By Kevin Kelly
Catholic Key Associate Editor
PLATTE CITY — Bishop John J. Hogan must have been inspired when he named the parish in the government seat of Platte County to honor the XII Apostles.
The apostles witnessed the Resurrection. So did the people of XII Apostles Parish on May 25, as they dedicated a new church.
The ceremony, led by Bishop Robert W. Finn and concelebrated by pastor Father Charles Rowe, was the culmination of a decade-long series of events that happens rarely — the resurrection of a parish from the dead after more than 70 years.
The parish that Bishop Hogan established in 1871 never really thrived, Father Rowe reminded the congregation that packed the 400-seat, $3 million church that now sits on perhaps the most picturesque setting of any parish church in the diocese.
Yes, there was a Church of the XII Apostles in Platte City, but it served a tiny congregation until the Great Depression when it was “closed, demolished and forgotten, save for a few faint traces in the ecclesial chronicles,” Father Rowe said.
“Now the once dead church lives again,” he said. “It has risen and risen in far greater glory than was granted in its previous manifestation.”
Indeed, the church designed by Vince LaTona of LaTona Architects and Chris Castrop of Castrop Design Group is unmistakably Catholic as it sits high on 20 acres of pastoral hillside, the gift of Charles and Marge Johnston, just a few miles southwest of rapidly growing Platte City.
It is still a work in progress. Its clear windows are temporary, one day soon to be replaced by stained glass. Its unfinished basement will soon be converted into a parish hall.
From 1935 until 2002, no Mass was offered in Platte City. Catholics in the area mostly attended Holy Trinity Parish in nearby Weston, or perhaps they drove south to St. Therese Parish in Parkville.
Then pastor of Holy Trinity, Father Thomas Hawkins celebrated one weekly Mass at various sites in Platte City, beginning on Sept. 21, 2002.
Within two years, attendance at the Mass had grown to the point that Bishop Raymond J. Boland established the parish first as a mission of Holy Trinity, digging into history to retain the name XII Apostles.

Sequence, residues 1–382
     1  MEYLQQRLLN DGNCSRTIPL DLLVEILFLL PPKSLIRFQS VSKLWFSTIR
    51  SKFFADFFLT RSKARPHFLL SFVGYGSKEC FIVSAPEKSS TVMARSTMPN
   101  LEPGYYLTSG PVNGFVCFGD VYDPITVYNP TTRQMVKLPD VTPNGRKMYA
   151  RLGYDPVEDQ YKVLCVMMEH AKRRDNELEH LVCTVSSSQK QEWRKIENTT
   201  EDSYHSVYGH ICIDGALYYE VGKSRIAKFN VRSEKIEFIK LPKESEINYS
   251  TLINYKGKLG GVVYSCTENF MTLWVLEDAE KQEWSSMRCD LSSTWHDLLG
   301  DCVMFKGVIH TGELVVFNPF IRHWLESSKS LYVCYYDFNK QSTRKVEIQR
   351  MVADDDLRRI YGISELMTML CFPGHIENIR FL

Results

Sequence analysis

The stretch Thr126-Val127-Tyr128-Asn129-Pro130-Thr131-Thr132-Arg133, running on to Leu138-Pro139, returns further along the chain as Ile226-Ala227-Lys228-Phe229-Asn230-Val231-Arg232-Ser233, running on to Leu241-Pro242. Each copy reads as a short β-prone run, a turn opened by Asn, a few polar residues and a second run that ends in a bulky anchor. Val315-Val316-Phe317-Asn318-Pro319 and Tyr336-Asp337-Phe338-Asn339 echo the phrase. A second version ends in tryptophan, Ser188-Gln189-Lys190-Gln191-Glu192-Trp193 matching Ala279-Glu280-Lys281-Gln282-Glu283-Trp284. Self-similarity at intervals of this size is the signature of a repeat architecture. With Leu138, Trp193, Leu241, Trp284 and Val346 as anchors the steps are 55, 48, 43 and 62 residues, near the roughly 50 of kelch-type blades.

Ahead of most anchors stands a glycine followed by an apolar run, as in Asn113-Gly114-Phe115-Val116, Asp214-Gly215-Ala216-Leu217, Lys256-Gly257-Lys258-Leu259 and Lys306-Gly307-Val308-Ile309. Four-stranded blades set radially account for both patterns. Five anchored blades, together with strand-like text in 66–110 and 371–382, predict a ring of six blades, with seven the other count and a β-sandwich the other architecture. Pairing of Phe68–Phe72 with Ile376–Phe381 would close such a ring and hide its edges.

Within a few months, the Catholics of Platte City acquired a storefront and converted it into a chapel as they began planning for a proper church.
And that day finally arrived, nine years later, on May 25, 2013.
But while the parishioners should be proud, Father Rowe reminded them of who really did the work.
“The resurrection is God’s handiwork; it’s not man’s doing,” Father Rowe said.
“The path that led here is a marvelously convoluted itinerary that none could have predicted, that only the Holy Spirit could have directed, that solely the power of God could have achieved,” he said.
Father Rowe noted that there were but 170 families registered at XII Apostles when Bishop Finn established it as a full-fledged parish and the newly reborn parish began its drive to raise the money for the first Catholic church in Platte City in 70 years.
The rule of thumb, Father Rowe said, is that such an ambitious project could be undertaken by parishes of no fewer than 300 registered families.
“To make matters worse, the economy plunged into the Great Recession (in 2008) right before the campaign started,” he said.
“A wise man surveying our parish predicament would likely have predicted that the enterprise was doomed,” Father Rowe said.
“But somehow through this long, messy march, the Lord brought us to where we stand today,” he said.
“The fact that it was so messy may be God’s way of reminding us that this church belongs to him,” Father Rowe said.
The history of the parish that struggled, died and was reborn to greater glory also offers “a window to the future,” Father Rowe said.
“The resurrection is not just the past event of Jesus rising from the dead,” he said. “It’s also the promise given every Christian in Baptism.
“When sorrow weighs us down, when confusion clouds our minds, when the good news doesn’t quite resonate in our hearts, may the sight of this beautiful temple lift our spirits heavenward and renew our hope,” Father Rowe said.
In his homily, Bishop Finn noted that his faith in both God and the Catholic community of XII Apostles was not misplaced when he re-erected the parish in a decree dated April 4, 2008.
“With trust in God and generosity, you have now completed a beautiful church, stepping up to carry forward the church’s mission,” the bishop said. “From this hill, the cross of Christ will signal your commitment to proclaim the truth and charity of the Lord.”
But the consecration of a new church is not an end result of a long process, but a beginning, Bishop Finn said.
“The holiness of the church building and its sacred furnishings will be verified through a ritual of consecration and dedication,” he said.
“But in a way similar to that which a house becomes a home, the holiness of this place will also be verified and intensified by the acts which will continue to be celebrated here, we hope for many generations — the encounter with Christ in the church’s sacramental life,” the bishop said.
“Here, you will bring your babies for Baptism,” Bishop Finn said. “Here, you will be reconciled in Confession, and couples will be joined in Holy Matrimony. Families will gather for First Communion and Confirmation. On occasion, the sick will be anointed here, and from this gate of heaven, our beloved dead will be commended to God’s mercy.
“The life and prayer of the parish will reach its crescendo in the Mass, where united in that heavenly cloud of witnesses, our eyes and hearts will be lifted to remind us of the eternal destiny to which we are called, and in hope of which we will lay down our lives in union with the saving grace of Christ.”